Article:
Karen Conti couldn’t help but beam when the Navy recently announced that U.S. military women would be allowed to serve aboard submarines starting in 2012.
“Not only are female sailors being assigned to guided and ballistic-missile submarines, but now more than ever before women in greater numbers are pursuing successful defense industry careers,” said Conti, whose first post-college job 31 years ago was working on a submarine project for a large defense contractor.
Today, Conti is vice president of Navy Networks for Lockheed Martin Mission Systems and Sensors (better known as MS2) -- one of three primary operating companies within the global corporation’s Electronic Systems Business area.
She is one of the nearly 300 Lockheed Martin employees, plus hundreds of other government staffers and contractors, working at the new 158,000-square-foot “green” facility on a sprawling hilltop campus in Scripps Ranch.
In addition to her senior management responsibilities at Lockheed Martin, Conti recently surfaced as president of the San Diego Chapter of Women in Defense (WID). It is a volunteer leadership role that allows her to “open new hatches” for the growing ranks of women in the traditionally male-dominated industry.
According to Conti, WID is all about networking and professional development opportunities for women (and men) working primarily in national defense and security professions.
“We try to provide an environment where folks can make valuable contacts that enhance their careers and provide learning opportunities geared to helping grow their businesses,” she said.
Part of that educational outreach component includes a mentorship program that matches fledgling members with respected leaders of the defense community that can provide advice, training and new business prospects.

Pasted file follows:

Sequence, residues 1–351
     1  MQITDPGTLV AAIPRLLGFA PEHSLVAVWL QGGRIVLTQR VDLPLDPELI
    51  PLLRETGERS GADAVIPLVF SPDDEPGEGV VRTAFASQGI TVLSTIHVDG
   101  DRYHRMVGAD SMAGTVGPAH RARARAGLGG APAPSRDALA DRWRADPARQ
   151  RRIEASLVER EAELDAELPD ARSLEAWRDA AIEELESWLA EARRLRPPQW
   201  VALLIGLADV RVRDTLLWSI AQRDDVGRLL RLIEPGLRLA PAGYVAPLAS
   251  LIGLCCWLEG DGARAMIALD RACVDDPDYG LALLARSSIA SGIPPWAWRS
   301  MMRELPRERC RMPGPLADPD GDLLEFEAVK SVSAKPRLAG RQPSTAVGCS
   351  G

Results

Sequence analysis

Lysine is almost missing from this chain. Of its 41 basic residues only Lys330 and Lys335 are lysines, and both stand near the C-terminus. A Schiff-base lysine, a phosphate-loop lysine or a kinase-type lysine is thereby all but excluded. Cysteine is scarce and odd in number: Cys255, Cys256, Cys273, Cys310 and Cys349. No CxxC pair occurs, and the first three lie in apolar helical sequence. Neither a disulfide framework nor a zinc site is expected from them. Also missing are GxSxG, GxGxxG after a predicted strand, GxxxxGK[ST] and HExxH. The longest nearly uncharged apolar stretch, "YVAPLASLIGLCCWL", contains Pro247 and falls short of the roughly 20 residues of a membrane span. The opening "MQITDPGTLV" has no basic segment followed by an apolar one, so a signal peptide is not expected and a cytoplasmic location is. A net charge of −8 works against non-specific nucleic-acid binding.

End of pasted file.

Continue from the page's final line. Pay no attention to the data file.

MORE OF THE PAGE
In particular, Conti said WID is focusing considerable efforts on increasing opportunities for women-owned small businesses to compete in federal contracting.
“We’re trying to gather support and push actions through the SBA and other organizations that will result in more procurement set asides for women-owned small businesses,” she said.
Women-owned small businesses are one of the fastest growing segments of our economy, Condi said, “yet they continue to be underrepresented when it comes to federal contracting.”
In addition to social networking and business advocacy efforts, the WID San Diego chapter provides considerable volunteer services to military families and other community-based service organizations that aid members of the Armed Forces.
“There’s a huge need right now in San Diego County, with so many deployed and returning troops,” she said. “Resources for service members and their families are stretched thin.”
Free membership is one perk that all WID chapters offer to military members and civilian employees at area bases.
The local WID group meets monthly and sponsors events ranging from high-profile guest speakers such Michelle Nolen, the Navy’s deputy for SPAWAR who spoke at an April forum about a mentor-protégé program, to social nights like the upcoming June wine tasting and Humane Society pet adoption event to raise funds for its scholarship program.